Oil & gas: how to cope with higher demand?

(FPSO) Espirito Santo, Parque das Conchas field, Brazil. Heavy oil, BC-10 field offshore Brazil deepwater project.
Three fields are being developed with subsea wells and manifolds, each field is tied back to the centrally located FPSO. © Roberto Rosa.

The offshore oil & gas sector is faced with several hard choices: chief among these is how to meet higher demand without exceeding emission reduction targets and how to manage the transition to renewables. Stainless steel and special metals play a central role in both old and new energy types.

By James Chater

Fuel scarcity

For those of us who lived through the 1970s, it feels like déjà vu all over again. Inflation, economic malaise, East-West tensions, energy shortages…the relatively benign global economy of the last 30 years has given way to an altogether bleaker outlook.
The problems started well before the Russian invasion of Ukraine. As the Covid menace receded, release of pent-up demand caused the price of oil, gas and other primary materials to soar, a trend that was intensified by the war. Moreover, President Biden had already curbed investment in fossil fuels and vowed to end subsidies. As a result of all these pressures, Americans now have to pay 50% more to fill their tanks than this time last year. Meanwhile, Europeans are trying to wean themselves off Russian imports.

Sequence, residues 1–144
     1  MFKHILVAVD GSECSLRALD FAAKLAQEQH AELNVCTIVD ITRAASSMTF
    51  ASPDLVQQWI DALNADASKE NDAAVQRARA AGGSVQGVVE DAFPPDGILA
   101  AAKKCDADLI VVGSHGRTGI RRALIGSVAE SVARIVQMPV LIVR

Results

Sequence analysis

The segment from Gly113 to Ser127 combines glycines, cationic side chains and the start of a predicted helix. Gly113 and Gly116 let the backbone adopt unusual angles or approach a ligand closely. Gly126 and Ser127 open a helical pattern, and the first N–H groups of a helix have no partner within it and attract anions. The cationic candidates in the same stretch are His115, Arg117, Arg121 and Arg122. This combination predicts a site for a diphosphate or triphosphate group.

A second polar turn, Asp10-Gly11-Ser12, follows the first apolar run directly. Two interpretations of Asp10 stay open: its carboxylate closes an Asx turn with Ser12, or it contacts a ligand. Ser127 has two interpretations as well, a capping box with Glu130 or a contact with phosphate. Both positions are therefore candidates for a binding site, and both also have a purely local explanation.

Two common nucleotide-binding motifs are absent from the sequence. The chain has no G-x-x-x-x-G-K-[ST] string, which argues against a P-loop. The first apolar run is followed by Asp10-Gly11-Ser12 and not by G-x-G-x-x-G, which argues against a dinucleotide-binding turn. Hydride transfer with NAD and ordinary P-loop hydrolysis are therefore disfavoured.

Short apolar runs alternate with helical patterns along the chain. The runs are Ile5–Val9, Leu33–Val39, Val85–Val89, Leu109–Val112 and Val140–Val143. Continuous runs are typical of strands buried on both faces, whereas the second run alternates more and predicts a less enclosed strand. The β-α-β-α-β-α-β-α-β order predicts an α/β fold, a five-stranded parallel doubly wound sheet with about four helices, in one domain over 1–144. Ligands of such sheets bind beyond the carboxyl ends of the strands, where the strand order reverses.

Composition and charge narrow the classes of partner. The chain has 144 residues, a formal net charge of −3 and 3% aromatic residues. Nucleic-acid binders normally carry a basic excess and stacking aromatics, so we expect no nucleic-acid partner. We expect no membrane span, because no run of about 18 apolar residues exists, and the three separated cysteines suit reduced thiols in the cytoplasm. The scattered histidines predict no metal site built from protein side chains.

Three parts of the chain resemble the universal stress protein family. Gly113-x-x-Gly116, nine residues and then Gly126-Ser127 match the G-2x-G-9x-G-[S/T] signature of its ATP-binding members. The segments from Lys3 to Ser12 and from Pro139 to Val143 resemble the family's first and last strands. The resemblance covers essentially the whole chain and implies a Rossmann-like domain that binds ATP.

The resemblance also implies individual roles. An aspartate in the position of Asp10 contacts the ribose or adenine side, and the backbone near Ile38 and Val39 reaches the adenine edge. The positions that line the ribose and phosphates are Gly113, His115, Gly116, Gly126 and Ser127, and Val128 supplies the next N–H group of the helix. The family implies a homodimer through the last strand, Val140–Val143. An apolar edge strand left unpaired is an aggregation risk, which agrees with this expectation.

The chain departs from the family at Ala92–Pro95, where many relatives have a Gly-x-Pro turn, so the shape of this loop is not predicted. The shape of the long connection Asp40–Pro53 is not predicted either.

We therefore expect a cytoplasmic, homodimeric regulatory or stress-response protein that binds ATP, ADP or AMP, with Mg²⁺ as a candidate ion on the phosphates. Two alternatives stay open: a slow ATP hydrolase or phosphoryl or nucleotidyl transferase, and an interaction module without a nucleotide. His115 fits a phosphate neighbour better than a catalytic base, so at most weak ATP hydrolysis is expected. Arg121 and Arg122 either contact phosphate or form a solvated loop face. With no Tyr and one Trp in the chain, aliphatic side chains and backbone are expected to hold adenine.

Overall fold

At the same time, Germany fears that a reduction or cessation of oil and gas imports from Russia could cripple its industry. In any case, Russia is resisting sanctions by selling more oil and gas to China and India.
Everywhere, the post-Covid surge, in combination with the war, has caused a 1970s-style rise in energy prices, depressing the economy and causing inflation. (As I write, the price of oil and gas has receded after spiking, but further rises seem likely.) Renewable energy investment has been growing fast but has not yet reached the point where it can replace the missing fossil fuels.